In this project, we'll use analog control since it's the easiest way to get going with the amplifier board. By default, the amplifier breakout is in digital mode. To put it in analog mode we need to close the three solder jumpers labeled Analog, AD1 and AD2.
The terminal blocks will be used to connect the speaker to the audio output of the MAX9744. Follow the negative and positive symbols and insert them appropriately. Solder them in to place for a solid connection. We chose the RIGHT channel.
Insert the capacitor with the longer lead going into the pad marked + Push it in all the way and bend the leads to keep it in place while you solder it in.
Add pieces of shrink tuning to the wrapping wire for a safe and secure wire connection. Tin the three leads of the potentiometer to make the wrapping wire stick to the leads better. Solder the wrapping wire to the potentiometer. Position the pieces of shrink tubing over the terminal leads and use a heat source to shrink the tubing.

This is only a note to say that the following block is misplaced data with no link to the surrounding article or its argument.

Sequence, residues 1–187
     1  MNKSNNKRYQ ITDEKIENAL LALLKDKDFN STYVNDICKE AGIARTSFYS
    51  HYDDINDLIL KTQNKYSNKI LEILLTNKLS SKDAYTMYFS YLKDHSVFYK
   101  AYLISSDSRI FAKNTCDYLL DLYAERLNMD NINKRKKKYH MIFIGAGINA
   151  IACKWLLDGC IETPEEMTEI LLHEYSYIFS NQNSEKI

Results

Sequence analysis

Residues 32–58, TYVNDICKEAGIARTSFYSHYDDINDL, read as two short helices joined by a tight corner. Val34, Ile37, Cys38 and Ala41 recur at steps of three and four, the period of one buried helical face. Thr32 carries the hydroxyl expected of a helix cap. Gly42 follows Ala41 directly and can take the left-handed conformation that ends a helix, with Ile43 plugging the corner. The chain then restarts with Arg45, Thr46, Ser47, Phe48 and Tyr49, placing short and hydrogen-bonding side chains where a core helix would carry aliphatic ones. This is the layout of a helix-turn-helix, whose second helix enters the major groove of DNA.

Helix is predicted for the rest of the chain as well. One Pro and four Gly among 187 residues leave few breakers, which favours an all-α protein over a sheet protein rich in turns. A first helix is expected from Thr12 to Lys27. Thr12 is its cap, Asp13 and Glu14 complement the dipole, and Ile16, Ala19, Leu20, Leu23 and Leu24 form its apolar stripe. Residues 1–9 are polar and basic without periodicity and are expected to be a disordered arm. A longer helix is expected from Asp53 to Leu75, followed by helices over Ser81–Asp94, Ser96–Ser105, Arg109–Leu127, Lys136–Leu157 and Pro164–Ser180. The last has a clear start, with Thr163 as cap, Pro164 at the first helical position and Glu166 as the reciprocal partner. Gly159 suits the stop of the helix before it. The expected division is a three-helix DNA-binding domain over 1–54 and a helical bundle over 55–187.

We're using a panel mount style potentiometer which is a bit bigger than the 1k pot that comes with the kit. Solder three strands of wrapping wire to the pin outs labeled Pot. Vol. Line up the leads of the pot with the pins to ensure turning it to the right will encase the values. Solder the far right lead of the pot to Pot. Vol. pin 3
Since the amplifier can pump 20 watts of power, you should use some equally capable speakers. The positive and negative connections of the speakers should align up with the terminal blocks on the side. Use a small screw driver to loosen and tighten the screws of the terminal.
In this tutorial project we're only using one speaker, which is just fine and nothing needs to be done to put the speaker in 'mono' mode, it'll just play out of one speaker only. You can also connect two speakers for 2 x the noise!
To ensure a secure connection, gently yank on each wire after clamping it into the terminal block, it should be a solid connection, not possible to yank out of place. Loose wires will be a problem!